Huayi Brothers Media, China’s biggest private film company, has inked deals with two of China’s biggest internet companies, Alibaba and Tencent, that has seen it raise $590 million (RMB3.6 billion) through a private placing of new shares.
The strategic agreement with online giant Alibaba, which currently has a larger market valuation than Walmart, will cover e-commerce, online entertainment and movie development. The agreement with Tencent will also cover movie development as well as online games and TV.
Alibaba and Tencent will each hold more than 8% of Huayi Brothers moving forward.
Huayi plans to issue 145 million shares in private placement, in which Tencent will buy 51.55 million shares and Jack Ma’s investment firm Yunfeng will buy 61.76 million shares.
Also investing in Huayi will be Ping’an Capital Management, which will buy 27.4 million Huayi shares, and CITIC Securities, which will take 4.3 million shares.
Analysts have been waiting to see what moves internet giants Alibaba and Tencent, who make up two-thirds of China’s so-called BAT companies along with Baidu, will make in the film and TV fields.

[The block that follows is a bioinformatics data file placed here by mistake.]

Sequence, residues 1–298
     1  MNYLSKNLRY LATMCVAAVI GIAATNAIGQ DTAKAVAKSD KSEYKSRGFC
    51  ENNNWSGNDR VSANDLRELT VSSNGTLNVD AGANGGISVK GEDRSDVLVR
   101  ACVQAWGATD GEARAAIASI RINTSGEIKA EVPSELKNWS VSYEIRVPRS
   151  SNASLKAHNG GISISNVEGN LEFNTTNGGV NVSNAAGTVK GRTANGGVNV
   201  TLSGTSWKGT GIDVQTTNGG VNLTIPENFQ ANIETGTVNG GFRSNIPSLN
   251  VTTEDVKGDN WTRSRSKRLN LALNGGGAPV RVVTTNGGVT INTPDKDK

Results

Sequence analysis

It is significant, and telling, that this major play is a Chinese one with Huayi Brothers.
According to reports, the Alibaba deal will see Jack Ma’s company invest 5-10% of the budget on five Huayi films over the next three years with the two working together on distributing the projects. Alibaba and Huayi will also work together on up to features through Alibaba’s crowd funding Yulebao platform. Huayi will also make us of Alibaba’s online ticketing services, with all merchandising and products related to the films to be sold initially exclusively on Alibaba’s e-commerce platforms.
The Tencent deal is essentially a first look arrangement between Huayi to explore developing games, publishing products and comic books together; with a further option to expanding into TV production.
In September, Tencent launched film subsidiary Tencent Movie Plus, with the stated aim to make four or five films a year, according to local reports.
Huayi Brother co-chairmen James and Dennis Wang hailed the two deals as turning Huayi into “the leading entertainment power in China.”
The company reported a 10.4% rise in net profits last month for the first three quarters of 2014.
Huayi initially kicked the tires of Jeff Robinov’s Studio 8 before deciding to launch its own fully owned and controlled US subsidiary with initial funding of $130 million to develop and produce English language productions.
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